Life&Culture

TV has more LGBTQ characters than ever, GLAAD reports

TV has more LGBTQ characters than ever, GLAAD reports

"While it is heartening to see progress being made in LGBTQ representation on television, it's important to remember that numbers are only part of the story, and we must continue the push for more diverse and intricate portrayals of the LGBTQ community", GLADD President and CEO Sarah Kate Ellis said. That amount comprises 92 regular characters, up from 84 last year, and 50 recurring, down 8 from last year. These increases appear across broadcast networks like ABC, leading others at 7.3 percent of regular characters, and streaming services like Netflix, Hulu, and Amazon.

Also, the number of trans characters across all platforms has more than doubled since a year ago. Past year there were no trans characters counted on broadcast. The report said more than 25 lesbian and bisexual female-identifying characters have died on scripted TV and streaming series since the beginning of 2016 - a lot of them violently - a move it said "sends a risky message to audiences that LGBTQ people are secondary and disposable".

GLAAD reports that lesbian representation "decreased dramatically" from 33 percent last year to 17 percent this year. And though the number of black series regulars has hit a new high at 20 percent, only 38 percent of those characters are women.

However, the "bury your gays" trope is still alive with over 25 gay and bisexual female characters being killed off on scripted series since the beginning of 2016. Fans were particularly outraged after CW's dystopian teen drama "The 100" killed off a beloved character in March. Out of 16 transgender characters, three are on broadcast networks, none of which had shows with transgender characters a year ago.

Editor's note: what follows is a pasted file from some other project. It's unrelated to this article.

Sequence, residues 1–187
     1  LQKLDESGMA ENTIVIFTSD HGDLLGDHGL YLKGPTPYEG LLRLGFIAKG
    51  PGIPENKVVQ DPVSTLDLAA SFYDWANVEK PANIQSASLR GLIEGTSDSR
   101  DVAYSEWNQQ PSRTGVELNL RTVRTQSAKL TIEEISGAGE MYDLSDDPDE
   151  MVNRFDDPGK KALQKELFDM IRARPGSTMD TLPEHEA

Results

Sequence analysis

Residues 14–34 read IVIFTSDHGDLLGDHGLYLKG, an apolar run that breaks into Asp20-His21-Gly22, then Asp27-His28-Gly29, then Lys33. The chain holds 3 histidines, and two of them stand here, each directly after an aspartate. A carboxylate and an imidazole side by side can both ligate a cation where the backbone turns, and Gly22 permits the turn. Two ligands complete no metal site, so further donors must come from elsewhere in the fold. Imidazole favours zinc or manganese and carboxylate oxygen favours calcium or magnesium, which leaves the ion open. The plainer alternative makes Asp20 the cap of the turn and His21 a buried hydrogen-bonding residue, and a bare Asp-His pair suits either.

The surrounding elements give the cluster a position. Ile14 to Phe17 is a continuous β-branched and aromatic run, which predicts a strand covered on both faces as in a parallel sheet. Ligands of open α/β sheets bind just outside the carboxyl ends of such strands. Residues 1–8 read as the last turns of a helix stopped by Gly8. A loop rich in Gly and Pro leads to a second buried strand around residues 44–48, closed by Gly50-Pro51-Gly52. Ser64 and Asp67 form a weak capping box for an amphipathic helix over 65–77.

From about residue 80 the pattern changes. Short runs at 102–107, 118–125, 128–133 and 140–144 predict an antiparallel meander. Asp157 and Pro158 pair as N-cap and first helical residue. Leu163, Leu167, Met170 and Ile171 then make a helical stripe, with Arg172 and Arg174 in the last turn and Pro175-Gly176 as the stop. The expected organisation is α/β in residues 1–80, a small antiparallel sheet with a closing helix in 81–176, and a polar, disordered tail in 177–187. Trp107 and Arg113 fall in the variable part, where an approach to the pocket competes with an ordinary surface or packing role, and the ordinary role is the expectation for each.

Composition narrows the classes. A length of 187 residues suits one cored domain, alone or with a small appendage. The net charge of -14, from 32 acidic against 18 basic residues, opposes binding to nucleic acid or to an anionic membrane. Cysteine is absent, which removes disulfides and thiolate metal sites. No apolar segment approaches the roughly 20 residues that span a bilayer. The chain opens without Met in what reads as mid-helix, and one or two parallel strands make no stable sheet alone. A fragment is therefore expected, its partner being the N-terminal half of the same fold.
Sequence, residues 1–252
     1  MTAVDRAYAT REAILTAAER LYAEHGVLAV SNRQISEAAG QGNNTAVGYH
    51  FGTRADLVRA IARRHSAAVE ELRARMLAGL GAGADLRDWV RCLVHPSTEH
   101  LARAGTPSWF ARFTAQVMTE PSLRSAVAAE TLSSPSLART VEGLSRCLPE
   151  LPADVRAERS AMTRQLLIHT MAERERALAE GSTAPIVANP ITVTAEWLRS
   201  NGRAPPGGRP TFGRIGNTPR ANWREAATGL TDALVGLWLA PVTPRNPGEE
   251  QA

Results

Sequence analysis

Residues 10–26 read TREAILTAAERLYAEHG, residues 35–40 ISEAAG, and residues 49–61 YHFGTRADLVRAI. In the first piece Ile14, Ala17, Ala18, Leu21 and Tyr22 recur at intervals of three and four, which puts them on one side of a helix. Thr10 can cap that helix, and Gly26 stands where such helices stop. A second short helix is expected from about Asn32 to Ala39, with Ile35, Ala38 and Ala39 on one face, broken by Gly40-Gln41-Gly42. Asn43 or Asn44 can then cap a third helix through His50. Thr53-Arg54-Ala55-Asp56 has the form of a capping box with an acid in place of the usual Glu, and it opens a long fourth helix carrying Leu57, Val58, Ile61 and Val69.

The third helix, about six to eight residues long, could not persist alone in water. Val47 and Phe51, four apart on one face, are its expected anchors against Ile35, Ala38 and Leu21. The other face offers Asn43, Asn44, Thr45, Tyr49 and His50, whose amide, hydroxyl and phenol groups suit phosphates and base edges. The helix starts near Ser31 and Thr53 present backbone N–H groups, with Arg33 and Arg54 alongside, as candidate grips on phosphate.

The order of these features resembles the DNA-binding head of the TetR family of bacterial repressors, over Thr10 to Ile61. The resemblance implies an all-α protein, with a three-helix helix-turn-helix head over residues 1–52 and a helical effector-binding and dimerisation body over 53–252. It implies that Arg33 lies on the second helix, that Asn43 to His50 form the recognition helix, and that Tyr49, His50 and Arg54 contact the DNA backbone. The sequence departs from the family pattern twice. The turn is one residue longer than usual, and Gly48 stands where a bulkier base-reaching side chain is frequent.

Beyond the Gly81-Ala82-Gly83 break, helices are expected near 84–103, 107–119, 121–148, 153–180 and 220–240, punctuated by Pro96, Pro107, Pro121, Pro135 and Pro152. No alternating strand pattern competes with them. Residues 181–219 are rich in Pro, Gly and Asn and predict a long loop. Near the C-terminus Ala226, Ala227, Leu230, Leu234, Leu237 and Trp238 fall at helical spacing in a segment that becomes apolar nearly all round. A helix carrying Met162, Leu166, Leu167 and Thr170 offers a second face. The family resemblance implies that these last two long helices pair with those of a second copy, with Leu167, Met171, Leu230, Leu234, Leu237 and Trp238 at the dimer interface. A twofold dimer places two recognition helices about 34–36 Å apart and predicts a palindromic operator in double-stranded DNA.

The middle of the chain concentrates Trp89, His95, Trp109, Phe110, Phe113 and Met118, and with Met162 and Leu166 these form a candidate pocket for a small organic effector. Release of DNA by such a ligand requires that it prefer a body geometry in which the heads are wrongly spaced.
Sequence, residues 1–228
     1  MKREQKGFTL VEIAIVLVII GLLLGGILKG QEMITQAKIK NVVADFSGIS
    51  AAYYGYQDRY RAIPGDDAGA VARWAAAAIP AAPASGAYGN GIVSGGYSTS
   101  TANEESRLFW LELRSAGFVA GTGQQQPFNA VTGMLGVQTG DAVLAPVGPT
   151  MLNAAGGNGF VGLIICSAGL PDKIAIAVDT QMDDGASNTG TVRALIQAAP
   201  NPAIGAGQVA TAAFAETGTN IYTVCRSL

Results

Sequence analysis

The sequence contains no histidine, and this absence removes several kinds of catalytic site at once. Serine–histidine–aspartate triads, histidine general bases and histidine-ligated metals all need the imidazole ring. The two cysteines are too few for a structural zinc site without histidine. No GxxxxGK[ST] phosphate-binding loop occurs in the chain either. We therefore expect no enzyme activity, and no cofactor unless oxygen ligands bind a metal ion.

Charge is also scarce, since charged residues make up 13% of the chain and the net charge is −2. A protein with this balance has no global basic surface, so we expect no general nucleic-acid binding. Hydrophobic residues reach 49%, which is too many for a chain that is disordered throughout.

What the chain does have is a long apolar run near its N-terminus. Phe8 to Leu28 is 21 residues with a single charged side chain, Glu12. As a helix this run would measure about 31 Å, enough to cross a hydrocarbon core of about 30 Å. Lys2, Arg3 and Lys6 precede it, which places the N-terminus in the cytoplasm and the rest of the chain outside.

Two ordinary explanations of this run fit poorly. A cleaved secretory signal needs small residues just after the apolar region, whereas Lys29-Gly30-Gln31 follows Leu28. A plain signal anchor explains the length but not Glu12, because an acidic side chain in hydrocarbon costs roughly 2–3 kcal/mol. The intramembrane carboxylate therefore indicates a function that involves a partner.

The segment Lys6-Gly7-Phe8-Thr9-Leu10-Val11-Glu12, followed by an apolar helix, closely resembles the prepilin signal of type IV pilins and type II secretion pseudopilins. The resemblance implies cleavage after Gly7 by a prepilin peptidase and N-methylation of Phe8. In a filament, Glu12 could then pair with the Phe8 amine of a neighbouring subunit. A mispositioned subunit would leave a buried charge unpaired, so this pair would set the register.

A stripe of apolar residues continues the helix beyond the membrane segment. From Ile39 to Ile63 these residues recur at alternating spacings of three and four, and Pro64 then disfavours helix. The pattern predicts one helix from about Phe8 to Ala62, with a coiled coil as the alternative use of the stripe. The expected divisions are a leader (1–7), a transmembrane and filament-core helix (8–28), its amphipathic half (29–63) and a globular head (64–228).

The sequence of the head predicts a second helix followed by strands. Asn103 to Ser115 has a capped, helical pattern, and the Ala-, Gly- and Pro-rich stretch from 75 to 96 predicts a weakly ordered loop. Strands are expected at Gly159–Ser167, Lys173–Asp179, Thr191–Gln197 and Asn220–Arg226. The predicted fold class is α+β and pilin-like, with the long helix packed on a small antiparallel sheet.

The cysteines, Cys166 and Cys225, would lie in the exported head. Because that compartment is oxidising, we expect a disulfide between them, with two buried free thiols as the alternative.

Female student killed, another injured in stabbing at Abbotsford high school
We do not believe the suspect has ties to this school, or to the two girls, or specifically to the Abbotsford area. Ann's Parish toward the school carrying a bouquet of flowers. "It ruptures our sense of security".


"Most of these deaths served no other goal than to further the narrative of a more central (and often straight, cisgender) character", Ellis noted. However, the representation skews largely female, with 16 women and only five men. TV has only succeeded when LGBTQ characters are series regulars, and, even better, the leads of their shows. GLAAD notes that the dramedy, which stars Jeffrey Tambor as a 70-year-old transgender woman, features two other transgender characters (both played by transgender actors) and three other characters identified as LGBT.

-Of 895 series regular characters on 118 primetime scripted shows, 43 characters are LGBTQ. While Latinos accounted for eight percent of series regulars (up from seven percent last year), GLAAD points out that figure is still well below the 17 percent estimate recorded in the 2014 U.S. Census.

According to Ellis, there is much more work to do to "ensure fair, accurate, and inclusive stories".